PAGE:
birth--from that I would try to obtain all the records I could that
might list something about their parents (birth records, christening
record, census, etc.)
2. The life facts of this couple--when and where married, hopefully get
a marriage certificate, church records, divorce records (if divorced),
obituaries, cemetery records, tax and voter records, naturalization
3. Individual immigration records
Then, using the knowledge obtained from these records, check the
Swedish and Norwegian records, where I would expect to find
4. Birthdate and place, siblings' names and dates, parents' names and
important dates, including marriage.
Maybe this is the wrong thing to say on the Swedish list, but I would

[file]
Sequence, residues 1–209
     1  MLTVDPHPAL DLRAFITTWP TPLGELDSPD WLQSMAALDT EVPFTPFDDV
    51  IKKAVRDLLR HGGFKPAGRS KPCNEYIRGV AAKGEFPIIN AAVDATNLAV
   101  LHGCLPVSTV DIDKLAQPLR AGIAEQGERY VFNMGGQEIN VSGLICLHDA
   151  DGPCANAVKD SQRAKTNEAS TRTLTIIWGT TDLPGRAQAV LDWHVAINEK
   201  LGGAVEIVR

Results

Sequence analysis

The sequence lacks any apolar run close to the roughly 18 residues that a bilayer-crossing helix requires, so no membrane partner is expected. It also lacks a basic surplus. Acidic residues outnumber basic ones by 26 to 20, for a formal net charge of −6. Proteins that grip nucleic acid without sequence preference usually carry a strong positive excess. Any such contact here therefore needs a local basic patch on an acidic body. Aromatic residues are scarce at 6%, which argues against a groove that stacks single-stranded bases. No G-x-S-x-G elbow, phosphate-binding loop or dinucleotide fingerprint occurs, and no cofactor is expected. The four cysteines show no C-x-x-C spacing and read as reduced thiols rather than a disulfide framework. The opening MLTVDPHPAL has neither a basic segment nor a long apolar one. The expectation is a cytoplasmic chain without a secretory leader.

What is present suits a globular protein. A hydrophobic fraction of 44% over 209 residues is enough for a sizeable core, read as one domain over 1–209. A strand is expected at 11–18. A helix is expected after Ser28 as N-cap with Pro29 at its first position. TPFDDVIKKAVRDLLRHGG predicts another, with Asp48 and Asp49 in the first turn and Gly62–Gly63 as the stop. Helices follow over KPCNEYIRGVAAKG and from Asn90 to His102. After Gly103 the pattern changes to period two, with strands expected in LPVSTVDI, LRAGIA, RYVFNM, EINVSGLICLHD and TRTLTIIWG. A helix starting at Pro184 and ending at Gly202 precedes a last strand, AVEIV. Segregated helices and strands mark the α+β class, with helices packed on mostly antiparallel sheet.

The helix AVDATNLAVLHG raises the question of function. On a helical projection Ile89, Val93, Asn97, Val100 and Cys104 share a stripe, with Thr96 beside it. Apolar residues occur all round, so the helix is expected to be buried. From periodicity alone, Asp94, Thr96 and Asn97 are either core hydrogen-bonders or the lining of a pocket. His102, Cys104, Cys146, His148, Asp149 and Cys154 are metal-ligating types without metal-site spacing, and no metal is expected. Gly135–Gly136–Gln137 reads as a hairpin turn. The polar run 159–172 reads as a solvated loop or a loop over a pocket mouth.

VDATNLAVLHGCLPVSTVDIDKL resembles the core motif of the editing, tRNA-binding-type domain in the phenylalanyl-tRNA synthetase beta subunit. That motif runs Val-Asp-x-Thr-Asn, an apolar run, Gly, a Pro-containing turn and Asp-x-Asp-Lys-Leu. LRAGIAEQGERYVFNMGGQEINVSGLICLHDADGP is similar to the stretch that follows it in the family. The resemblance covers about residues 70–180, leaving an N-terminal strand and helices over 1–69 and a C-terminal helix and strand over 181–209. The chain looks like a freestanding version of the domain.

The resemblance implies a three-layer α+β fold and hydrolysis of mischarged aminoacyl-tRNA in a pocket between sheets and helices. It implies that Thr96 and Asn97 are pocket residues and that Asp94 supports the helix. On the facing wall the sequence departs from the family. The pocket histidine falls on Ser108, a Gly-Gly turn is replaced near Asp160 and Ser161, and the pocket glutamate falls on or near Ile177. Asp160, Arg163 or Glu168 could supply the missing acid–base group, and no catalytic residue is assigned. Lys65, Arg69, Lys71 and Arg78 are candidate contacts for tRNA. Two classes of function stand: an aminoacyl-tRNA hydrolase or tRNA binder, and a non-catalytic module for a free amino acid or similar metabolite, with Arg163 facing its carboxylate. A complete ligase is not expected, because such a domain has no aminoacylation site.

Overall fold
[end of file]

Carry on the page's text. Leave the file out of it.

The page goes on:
squeeze every bit of information out of the U.S. records before I set
out into the Swedish records. (Although surely once you get Swedish
records you will be able to find other U.S. records with the new
information they provide.)
Well, I'll bet this is thoroughly confusing. I'd better quit before you
and half the list throttle me.
Sharon D. Job wrote:
Looking for any information on Gustaff Almquist. Born September 4, 1832
in Sweden. Married Helene Regine Sorens from Norway. Came to the
United States from Oslo in 1871.
Can anyone give me any suggestions as to where I might begin looking in
Sweden. It is like looking for a needle in the haystack. That is how I
found the ship listing when they came out of Sweden. Thanks.
CaGenWeb County Coordinator--Fresno & Kings Counties
JonJan Felines--American Shorthairs & American Wirehairs